Patent application title: TIME SYNCHRONIZATION IN AN IMAGE PROCESSING CIRCUIT
Anirban Lahiri (Kolkata, IN)
Alexander Alexandrovich Danilin (Eindhoven, NL)
IPC8 Class: AG01C1102FI
Class name: Data processing: measuring, calibrating, or testing calibration or correction system position measurement
Publication date: 2011-02-10
Patent application number: 20110035174
A controllable light source (102) is controlled to emit modulated light,
preferably using a uniquely recognizable modulation pattern. A plurality
of camera units (10) captures images that contain the light source. Clock
time values at a time corresponding to capture of the image are captured
from respective clock circuits (120) associated with the camera units
(10) that capture the images. The modulated light is detected in the
captured images. Relative calibration of the clock circuits (120) with
respect to each other is performed using the associated clock time values
of the images wherein the modulated light is detected.
1. An image processing system comprising:a plurality of clock circuits;a
plurality of camera units, each having an associated clock circuit from
the plurality of clock circuits, each said camera unit being configured
to capture images associated with clock time values captured from the
associated clock circuit of the camera unit at a time corresponding to
capture of the image;a controllable light source;processing circuitry
coupled to the camera units and the controllable light source and
configured to cause the controllable light source to emit modulated
light, to detect the modulated light in the captured images and to
determine a relative calibration of the clock circuits with respect to
each other from the associated clock time values of the images, wherein
the modulated light is detected.
2. An image processing system according to claim 1, wherein the controllable light source is part of one of the camera units, that camera unit being configured to capture a further clock time value from the associated clock circuit of the camera unit at a time corresponding to emission of the modulated light, the processing circuitry being configured to determine a relative calibration of the clock circuits with respect to each other from a combination of the further clock time value and the associated clock time values of the images wherein the modulated light is detected.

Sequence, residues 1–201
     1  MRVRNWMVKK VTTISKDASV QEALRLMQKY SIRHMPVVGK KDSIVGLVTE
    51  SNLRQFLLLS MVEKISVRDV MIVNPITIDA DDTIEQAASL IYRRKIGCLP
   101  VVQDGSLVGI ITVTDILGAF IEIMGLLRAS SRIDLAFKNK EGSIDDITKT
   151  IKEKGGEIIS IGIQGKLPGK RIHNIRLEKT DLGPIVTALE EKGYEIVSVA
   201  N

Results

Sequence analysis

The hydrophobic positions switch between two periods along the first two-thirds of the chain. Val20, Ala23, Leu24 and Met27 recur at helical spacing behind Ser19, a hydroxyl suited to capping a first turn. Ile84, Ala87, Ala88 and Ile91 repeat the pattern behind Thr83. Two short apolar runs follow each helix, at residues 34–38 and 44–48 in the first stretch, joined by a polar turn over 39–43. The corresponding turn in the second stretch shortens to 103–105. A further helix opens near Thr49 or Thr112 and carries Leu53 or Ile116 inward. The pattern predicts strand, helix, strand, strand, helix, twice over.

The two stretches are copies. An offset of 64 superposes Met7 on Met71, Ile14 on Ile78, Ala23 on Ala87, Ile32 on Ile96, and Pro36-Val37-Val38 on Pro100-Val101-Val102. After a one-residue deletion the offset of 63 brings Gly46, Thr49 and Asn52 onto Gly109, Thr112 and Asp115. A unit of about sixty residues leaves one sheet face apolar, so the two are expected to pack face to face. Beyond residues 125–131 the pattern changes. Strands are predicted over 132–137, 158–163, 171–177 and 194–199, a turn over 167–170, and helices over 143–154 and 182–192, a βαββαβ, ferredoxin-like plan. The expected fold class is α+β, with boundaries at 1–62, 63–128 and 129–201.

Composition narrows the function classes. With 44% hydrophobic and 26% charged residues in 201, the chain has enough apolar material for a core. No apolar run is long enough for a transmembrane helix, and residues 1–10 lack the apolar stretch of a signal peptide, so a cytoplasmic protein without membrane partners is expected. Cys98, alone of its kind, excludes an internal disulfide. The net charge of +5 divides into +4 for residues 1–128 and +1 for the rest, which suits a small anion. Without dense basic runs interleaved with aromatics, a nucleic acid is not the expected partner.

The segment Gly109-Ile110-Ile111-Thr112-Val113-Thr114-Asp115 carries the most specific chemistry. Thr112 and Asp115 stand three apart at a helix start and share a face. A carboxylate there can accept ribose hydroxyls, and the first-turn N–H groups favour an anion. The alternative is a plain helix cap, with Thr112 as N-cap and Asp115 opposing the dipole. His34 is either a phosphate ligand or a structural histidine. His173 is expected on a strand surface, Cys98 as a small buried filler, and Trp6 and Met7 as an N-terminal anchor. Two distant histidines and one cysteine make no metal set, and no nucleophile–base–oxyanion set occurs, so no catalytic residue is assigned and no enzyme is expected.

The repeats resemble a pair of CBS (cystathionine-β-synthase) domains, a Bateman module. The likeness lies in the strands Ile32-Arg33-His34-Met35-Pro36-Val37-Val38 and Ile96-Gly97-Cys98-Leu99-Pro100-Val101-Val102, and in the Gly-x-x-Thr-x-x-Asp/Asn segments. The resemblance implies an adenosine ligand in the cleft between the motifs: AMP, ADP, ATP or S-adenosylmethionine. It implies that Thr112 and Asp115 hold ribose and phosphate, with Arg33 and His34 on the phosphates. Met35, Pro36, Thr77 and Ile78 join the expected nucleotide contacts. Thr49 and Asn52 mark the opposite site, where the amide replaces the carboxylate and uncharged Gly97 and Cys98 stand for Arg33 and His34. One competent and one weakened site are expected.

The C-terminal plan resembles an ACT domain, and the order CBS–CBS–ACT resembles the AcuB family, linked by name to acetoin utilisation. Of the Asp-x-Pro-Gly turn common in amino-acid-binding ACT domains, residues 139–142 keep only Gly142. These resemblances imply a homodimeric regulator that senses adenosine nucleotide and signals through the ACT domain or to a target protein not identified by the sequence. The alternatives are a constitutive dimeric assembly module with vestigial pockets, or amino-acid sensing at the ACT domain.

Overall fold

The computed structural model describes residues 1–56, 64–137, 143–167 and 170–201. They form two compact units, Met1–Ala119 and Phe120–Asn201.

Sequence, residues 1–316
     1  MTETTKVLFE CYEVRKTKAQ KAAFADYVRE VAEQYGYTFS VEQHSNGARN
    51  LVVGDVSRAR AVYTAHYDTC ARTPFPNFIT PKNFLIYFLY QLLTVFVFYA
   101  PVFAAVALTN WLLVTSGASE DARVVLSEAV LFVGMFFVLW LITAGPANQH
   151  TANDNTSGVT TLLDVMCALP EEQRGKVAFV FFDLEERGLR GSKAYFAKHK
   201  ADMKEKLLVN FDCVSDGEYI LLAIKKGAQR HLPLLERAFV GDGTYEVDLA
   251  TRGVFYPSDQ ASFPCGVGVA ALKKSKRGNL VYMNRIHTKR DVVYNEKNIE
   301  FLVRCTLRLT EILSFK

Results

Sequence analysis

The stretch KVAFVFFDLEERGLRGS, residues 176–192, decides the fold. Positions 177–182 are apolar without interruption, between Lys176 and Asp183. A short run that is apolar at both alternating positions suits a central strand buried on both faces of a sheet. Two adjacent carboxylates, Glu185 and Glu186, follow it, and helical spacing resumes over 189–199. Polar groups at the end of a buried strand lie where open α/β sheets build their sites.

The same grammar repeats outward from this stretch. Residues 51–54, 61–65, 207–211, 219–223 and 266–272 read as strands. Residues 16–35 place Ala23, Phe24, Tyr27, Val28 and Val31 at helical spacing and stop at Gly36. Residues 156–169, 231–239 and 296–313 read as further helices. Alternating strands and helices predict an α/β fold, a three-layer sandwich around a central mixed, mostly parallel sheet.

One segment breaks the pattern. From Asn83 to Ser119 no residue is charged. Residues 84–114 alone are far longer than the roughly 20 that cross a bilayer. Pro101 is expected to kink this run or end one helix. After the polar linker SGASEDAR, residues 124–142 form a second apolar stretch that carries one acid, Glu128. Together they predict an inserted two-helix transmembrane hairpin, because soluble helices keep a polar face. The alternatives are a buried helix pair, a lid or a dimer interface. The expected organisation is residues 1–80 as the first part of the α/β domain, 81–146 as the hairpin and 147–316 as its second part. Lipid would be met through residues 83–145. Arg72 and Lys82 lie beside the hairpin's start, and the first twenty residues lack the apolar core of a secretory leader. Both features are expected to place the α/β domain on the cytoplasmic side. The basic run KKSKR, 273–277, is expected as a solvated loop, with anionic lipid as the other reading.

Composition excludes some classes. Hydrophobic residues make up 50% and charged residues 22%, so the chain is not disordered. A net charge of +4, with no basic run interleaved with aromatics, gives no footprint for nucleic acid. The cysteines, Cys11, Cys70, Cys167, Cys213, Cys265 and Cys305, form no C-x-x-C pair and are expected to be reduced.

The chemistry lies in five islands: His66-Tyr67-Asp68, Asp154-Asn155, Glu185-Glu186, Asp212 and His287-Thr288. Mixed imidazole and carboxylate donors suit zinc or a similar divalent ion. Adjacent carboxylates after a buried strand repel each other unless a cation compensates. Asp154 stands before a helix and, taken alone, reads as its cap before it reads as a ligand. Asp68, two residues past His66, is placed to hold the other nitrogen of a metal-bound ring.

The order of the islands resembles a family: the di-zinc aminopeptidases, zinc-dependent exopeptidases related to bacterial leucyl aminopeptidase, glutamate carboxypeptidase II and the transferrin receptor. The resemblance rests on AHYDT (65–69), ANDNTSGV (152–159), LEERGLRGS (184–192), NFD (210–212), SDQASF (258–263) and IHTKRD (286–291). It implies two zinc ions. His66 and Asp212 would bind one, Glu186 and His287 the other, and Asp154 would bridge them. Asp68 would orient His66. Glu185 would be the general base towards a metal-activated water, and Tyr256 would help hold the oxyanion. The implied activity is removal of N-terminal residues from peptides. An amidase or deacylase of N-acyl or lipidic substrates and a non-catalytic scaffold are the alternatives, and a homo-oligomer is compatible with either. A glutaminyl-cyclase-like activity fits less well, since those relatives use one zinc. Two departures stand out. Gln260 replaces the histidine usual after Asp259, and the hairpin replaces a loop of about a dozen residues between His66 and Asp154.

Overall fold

3. An image processing system according to claim 1, further comprising a plurality of controllable light sources, each visible from a respective group of the camera units, the processing circuitry being configured to cause each of the controllable light sources to emit modulated light, to detect the modulated light from the controllable light sources in the captured images of the groups of the cameras and to determine the relative calibration of the clock circuits with respect to each other from the associated clock time values of the images wherein the modulated light is detected.
4. An image processing system according to claim 3, wherein the processing circuitry is configured to cause each of the controllable light sources to emit the modulated light with a respective modulation pattern that distinguishes the controllable light source from all other ones of the other ones of the controllable light sources.
5. An image processing system according to claim 5, wherein the processing circuitry is configured to cause the modulation patterns of respective ones of the light sources to represent respective different codewords of an error correcting code.
6. An image processing system according to claim 3, wherein each of the camera units comprises a camera and a respective one of the light sources fixedly attached to the camera of the camera unit.
7. An image processing system according to claim 6, wherein the processing circuitry is configured to determine the relative calibration of the clock circuits with respect to each other from a combination of the clock time values of the images wherein the modulated light is detected and clock time values sampled at a time of modulation of the controllable light sources of the camera units.